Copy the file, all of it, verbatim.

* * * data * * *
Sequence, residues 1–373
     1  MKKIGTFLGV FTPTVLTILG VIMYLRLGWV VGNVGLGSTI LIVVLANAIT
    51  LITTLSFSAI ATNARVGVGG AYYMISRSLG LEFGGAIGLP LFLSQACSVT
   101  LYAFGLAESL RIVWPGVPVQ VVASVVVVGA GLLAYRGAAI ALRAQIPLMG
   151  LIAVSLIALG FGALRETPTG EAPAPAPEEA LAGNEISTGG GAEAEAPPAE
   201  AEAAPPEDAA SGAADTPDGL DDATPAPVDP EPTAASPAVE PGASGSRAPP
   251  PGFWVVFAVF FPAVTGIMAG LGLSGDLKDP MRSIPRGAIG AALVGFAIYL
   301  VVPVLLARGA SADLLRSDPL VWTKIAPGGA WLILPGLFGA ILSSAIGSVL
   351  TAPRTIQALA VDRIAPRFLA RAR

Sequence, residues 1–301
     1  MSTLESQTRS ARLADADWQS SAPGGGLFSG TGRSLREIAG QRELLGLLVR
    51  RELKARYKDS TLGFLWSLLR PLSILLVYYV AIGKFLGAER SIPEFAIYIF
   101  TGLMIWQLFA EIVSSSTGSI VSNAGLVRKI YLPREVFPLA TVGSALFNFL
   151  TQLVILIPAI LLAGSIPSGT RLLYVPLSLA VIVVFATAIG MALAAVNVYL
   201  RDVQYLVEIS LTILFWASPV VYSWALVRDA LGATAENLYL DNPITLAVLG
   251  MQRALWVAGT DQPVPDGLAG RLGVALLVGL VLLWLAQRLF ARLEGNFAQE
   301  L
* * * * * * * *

Sequence, residues 1–373
     1  MKKIGTFLGV FTPTVLTILG VIMYLRLGWV VGNVGLGSTI LIVVLANAIT
    51  LITTLSFSAI ATNARVGVGG AYYMISRSLG LEFGGAIGLP LFLSQACSVT
   101  LYAFGLAESL RIVWPGVPVQ VVASVVVVGA GLLAYRGAAI ALRAQIPLMG
   151  LIAVSLIALG FGALRETPTG EAPAPAPEEA LAGNEISTGG GAEAEAPPAE
   201  AEAAPPEDAA SGAADTPDGL DDATPAPVDP EPTAASPAVE PGASGSRAPP
   251  PGFWVVFAVF FPAVTGIMAG LGLSGDLKDP MRSIPRGAIG AALVGFAIYL
   301  VVPVLLARGA SADLLRSDPL VWTKIAPGGA WLILPGLFGA ILSSAIGSVL
   351  TAPRTIQALA VDRIAPRFLA RAR

Sequence, residues 1–301
     1  MSTLESQTRS ARLADADWQS SAPGGGLFSG TGRSLREIAG QRELLGLLVR
    51  RELKARYKDS TLGFLWSLLR PLSILLVYYV AIGKFLGAER SIPEFAIYIF
   101  TGLMIWQLFA EIVSSSTGSI VSNAGLVRKI YLPREVFPLA TVGSALFNFL
   151  TQLVILIPAI LLAGSIPSGT RLLYVPLSLA VIVVFATAIG MALAAVNVYL
   201  RDVQYLVEIS LTILFWASPV VYSWALVRDA LGATAENLYL DNPITLAVLG
   251  MQRALWVAGT DQPVPDGLAG RLGVALLVGL VLLWLAQRLF ARLEGNFAQE
   301  L